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9 September 2014, 09:30 | Updated: 30 March 2016, 13:50
A report's been released into the Malaysia Airlines plane crash which killed two Newcastle United fans
Crash investigators say the wreckage of flight MH17 - downed over Ukraine in July - was "consistent with the damage that would be expected from a large number of high-energy objects that penetrated the aircraft from outside''.
A preliminary report by the Dutch Safety Board (DSB) said the fact that there were many pieces of aircraft structure distributed over a large area indicated that the Boeing 777, en route from Amsterdam to Kuala Lumpur, broke up in the air.
A total of 298 people, including Newcastle United fans John Alder and Liam Sweeney, died in the July 17th crash.
The DSB also said the black boxes recovered from the war-torn crash site in Ukraine showed no evidence of manipulation.
The black box cockpit voice recorder (CVR) which provided a record of pilots' conversations "gave no indication of any malfunction or emergency'' before the crash.
The black box flight data recorder (FDR) showed no evidence of technical malfunctions or warnings. Both recordings ended at three seconds past 1.20pm local time.
At the time of the crash, the aircraft was flying at a height of 33,000ft in the eastern part of Ukraine.
It was flying on a constant heading, speed and altitude when the FDR ended.
t the time of the crash, the Boeing 777 was in radio communication with air traffic controllers (ATC) at the Ukrainian city of Dnipropetrovsk.
The last radio transmission made by the Boeing crew began at 1.19 and 56 seconds and lasted three seconds. By the time another four seconds had passed, the black box recordings stopped.
ATC's last radio transmission to the Air Malaysia flight began at 1.20pm precisely and ended at two seconds after 1.22pm. The crew did not respond to these transmissions.
The report said:
"Damage observed on the forward fuselage and cockpit section of the aircraft appears to indicate that there were impacts from a large number of high-energy objects from outside the aircraft.
The pattern of damage observed in the forward fuselage and cockpit section of the aircraft was not consistent with the damage that would be expected from any known failure mode of the aircraft, its engines or systems.
The fact that there were many pieces of aircraft structure distributed over a large area indicated that the aircraft broke up in the air.''
UPDATED 6am, 9th September 2014
The first report into the downing of the Malaysia Airline flight over Ukraine, which killed two Newcastle United fans, will be published later.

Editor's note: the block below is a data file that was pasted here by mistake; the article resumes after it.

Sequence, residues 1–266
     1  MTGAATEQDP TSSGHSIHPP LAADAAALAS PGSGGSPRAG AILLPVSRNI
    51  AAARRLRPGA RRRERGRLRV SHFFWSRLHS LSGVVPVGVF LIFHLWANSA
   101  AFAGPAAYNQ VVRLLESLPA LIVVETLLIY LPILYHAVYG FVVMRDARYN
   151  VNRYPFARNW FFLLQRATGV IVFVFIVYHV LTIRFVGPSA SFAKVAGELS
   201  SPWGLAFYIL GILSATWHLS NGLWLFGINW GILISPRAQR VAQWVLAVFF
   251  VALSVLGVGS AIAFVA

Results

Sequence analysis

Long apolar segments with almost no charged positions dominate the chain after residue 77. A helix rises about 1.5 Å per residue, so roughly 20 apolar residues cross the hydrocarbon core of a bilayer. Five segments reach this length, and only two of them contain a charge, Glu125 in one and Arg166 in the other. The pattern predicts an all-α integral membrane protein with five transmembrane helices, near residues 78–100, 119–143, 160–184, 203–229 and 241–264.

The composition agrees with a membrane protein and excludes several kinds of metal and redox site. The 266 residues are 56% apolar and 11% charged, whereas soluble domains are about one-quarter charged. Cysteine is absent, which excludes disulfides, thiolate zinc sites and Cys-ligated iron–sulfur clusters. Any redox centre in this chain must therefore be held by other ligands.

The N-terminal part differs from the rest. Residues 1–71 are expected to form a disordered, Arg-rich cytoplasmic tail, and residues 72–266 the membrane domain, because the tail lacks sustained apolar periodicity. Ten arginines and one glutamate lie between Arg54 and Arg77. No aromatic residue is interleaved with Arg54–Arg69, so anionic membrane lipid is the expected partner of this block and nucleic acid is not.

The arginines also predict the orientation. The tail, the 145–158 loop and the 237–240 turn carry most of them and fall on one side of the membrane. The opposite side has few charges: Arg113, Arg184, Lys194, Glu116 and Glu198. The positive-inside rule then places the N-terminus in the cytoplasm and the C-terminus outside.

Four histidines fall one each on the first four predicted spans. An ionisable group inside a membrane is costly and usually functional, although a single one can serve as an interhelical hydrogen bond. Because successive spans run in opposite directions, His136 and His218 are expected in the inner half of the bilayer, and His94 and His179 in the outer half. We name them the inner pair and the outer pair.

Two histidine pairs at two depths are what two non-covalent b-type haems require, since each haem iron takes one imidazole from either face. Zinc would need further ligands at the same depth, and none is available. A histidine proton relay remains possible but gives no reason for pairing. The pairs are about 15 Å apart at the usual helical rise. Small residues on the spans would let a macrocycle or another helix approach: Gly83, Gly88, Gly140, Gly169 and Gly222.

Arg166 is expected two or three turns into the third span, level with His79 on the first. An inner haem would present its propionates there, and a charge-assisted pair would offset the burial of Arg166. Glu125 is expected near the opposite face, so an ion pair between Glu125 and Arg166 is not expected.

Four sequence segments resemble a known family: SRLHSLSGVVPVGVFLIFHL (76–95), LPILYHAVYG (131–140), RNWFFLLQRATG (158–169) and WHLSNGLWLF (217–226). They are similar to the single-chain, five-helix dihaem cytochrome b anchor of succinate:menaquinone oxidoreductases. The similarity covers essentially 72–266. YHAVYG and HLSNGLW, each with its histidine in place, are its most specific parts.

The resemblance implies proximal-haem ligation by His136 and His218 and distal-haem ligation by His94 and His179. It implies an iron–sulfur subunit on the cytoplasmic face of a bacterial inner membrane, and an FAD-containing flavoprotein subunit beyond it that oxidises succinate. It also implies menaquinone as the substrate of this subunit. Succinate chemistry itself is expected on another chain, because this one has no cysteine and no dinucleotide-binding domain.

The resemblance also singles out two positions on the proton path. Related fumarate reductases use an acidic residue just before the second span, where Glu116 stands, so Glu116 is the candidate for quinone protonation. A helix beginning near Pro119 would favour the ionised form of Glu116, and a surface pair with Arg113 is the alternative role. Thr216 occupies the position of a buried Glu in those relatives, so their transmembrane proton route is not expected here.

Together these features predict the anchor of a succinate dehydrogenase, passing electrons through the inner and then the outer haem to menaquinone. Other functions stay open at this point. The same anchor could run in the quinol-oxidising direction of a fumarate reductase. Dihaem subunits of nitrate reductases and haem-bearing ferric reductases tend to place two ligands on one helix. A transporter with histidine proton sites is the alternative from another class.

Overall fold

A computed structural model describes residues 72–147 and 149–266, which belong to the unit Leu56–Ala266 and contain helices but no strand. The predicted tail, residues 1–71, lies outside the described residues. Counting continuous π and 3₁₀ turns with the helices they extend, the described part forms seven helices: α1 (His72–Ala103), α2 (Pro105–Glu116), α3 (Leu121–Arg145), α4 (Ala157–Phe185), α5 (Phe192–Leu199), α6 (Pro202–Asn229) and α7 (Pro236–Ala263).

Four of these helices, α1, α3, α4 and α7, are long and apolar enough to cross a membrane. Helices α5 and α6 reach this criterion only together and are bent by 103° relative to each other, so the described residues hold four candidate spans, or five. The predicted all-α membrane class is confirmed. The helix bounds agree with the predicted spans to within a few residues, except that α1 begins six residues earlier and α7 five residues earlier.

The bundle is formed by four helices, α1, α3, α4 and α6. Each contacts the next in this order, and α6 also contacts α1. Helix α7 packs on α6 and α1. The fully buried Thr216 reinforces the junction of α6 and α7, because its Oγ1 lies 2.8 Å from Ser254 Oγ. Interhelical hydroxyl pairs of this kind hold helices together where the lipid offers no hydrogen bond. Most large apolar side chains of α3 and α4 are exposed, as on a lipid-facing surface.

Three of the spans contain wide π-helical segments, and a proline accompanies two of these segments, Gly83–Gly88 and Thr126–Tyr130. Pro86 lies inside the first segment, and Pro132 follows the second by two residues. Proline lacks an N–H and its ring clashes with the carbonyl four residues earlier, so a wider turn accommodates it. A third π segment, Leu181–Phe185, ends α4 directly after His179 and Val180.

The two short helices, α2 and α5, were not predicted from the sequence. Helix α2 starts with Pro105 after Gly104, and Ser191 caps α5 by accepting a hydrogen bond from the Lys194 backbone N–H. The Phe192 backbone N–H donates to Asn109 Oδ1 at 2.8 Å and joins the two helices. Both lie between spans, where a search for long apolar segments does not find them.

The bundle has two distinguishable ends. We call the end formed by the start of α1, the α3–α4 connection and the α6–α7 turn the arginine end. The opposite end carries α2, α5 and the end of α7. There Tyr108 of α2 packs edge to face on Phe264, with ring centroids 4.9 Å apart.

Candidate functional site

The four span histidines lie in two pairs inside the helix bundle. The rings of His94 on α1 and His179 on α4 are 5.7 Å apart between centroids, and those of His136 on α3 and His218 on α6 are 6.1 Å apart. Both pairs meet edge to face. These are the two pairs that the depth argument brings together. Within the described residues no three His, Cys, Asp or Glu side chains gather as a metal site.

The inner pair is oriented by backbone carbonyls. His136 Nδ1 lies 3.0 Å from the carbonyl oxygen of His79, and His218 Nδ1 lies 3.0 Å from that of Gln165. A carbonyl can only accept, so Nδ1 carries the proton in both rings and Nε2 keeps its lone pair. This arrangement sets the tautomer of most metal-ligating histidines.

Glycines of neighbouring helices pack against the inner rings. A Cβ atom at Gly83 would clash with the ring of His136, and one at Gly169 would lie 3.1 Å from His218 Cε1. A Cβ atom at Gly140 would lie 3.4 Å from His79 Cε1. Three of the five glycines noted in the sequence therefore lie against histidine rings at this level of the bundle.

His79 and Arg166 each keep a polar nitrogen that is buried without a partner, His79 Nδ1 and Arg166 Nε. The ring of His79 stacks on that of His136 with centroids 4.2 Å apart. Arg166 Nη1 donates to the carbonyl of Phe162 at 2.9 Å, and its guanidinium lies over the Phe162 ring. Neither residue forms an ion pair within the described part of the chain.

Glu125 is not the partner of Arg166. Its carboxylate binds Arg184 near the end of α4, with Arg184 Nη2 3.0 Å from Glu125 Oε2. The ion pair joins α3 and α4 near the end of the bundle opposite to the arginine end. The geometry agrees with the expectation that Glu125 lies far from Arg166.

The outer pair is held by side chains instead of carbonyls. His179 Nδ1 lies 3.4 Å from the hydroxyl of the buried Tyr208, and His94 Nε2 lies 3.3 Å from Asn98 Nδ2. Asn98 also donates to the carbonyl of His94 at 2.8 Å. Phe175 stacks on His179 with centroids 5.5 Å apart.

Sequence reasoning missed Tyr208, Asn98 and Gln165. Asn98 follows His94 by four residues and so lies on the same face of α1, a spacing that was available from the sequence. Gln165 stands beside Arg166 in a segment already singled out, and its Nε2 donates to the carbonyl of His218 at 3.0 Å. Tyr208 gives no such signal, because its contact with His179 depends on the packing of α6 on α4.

John Alder and Liam Sweeney were on a trip of a lifetime, to see their team play in a pre-season tournament in New Zealand, when they plane they were on crashed over Ukraine, killing everyone on board.
10 Britons in total were among the 298 people on the plane.
Crash investigators will publish the report this morning.
The Dutch Safety Board (DSB) is leading the investigation into the disaster.
The DSB has said:
"The preliminary report will present factual information based on the sources available to the DSB. In the months to come, further investigation is needed before the final report can be written.''
The DSB expects to publish the final report within a year after the crash.
No one has claimed responsibility for the shooting down of the Malaysia Airlines Boeing 777 over war-torn Ukraine on July 17th, but it is suspected that the plane was been hit by a missile fired by pro-Russian separatists.
The plane was en route from Amsterdam to Kuala Lumpur, with the majority of those on board being Dutch.
The DSB has not been able to visit the crash site because the safety of the investigators could not be guaranteed in an area where fighting continues .
The black boxes from the flight were recovered and taken to the UK Air Accidents Investigation Branch's (AAIB) headquarters in Farnborough, Hampshire, for analysis.
'Black Box Findings'
The DSB said both the boxes were damaged but valid flight data had been successfully downloaded.
It has already announced that its preliminary report will include not only the black box findings but also information gathered from satellite and other images, and radar information.
In a question-and-answer section on its website, the DSB posed the question of whether it would be publicly releasing the content from the cockpit voice recorder and the flight data recorder which comprise the two black boxes.
The answer given by the board was:
"Investigative materials and sources of information used by the DSB in its investigations are protected by law.
Only information relevant to determining the cause of the MH17 crash will be included in the final report.
The available investigative information will not be released publicly in their entirety, except for what is published in the final report.''
As well as looking into the facts of the MH17 disaster, the DSB is conducting an investigation into the decision-making process concerning the flight routes and the risk assessment made in choosing to fly over eastern Ukraine.
In addition, the DSB is investigating why the complete passenger list for MH17 was not available immediately.
The board added:
"The DSB will not make any statements with regard to apportioning blame or liability, and these issues will not form part of its investigation.''